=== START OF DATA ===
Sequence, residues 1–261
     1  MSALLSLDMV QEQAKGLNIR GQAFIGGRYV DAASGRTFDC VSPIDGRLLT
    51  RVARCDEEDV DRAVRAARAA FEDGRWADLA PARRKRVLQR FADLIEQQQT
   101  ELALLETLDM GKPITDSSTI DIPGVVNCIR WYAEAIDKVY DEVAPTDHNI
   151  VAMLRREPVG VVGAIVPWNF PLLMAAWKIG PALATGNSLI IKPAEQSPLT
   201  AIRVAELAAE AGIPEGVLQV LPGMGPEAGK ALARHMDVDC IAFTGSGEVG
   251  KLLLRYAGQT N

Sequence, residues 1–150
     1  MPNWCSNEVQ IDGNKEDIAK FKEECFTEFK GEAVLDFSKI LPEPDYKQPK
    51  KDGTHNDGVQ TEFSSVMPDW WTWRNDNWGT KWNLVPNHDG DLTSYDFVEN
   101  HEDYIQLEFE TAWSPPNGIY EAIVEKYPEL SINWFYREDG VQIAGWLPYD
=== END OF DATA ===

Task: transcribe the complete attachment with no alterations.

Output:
Sequence, residues 1–261
     1  MSALLSLDMV QEQAKGLNIR GQAFIGGRYV DAASGRTFDC VSPIDGRLLT
    51  RVARCDEEDV DRAVRAARAA FEDGRWADLA PARRKRVLQR FADLIEQQQT
   101  ELALLETLDM GKPITDSSTI DIPGVVNCIR WYAEAIDKVY DEVAPTDHNI
   151  VAMLRREPVG VVGAIVPWNF PLLMAAWKIG PALATGNSLI IKPAEQSPLT
   201  AIRVAELAAE AGIPEGVLQV LPGMGPEAGK ALARHMDVDC IAFTGSGEVG
   251  KLLLRYAGQT N

Sequence, residues 1–150
     1  MPNWCSNEVQ IDGNKEDIAK FKEECFTEFK GEAVLDFSKI LPEPDYKQPK
    51  KDGTHNDGVQ TEFSSVMPDW WTWRNDNWGT KWNLVPNHDG DLTSYDFVEN
   101  HEDYIQLEFE TAWSPPNGIY EAIVEKYPEL SINWFYREDG VQIAGWLPYD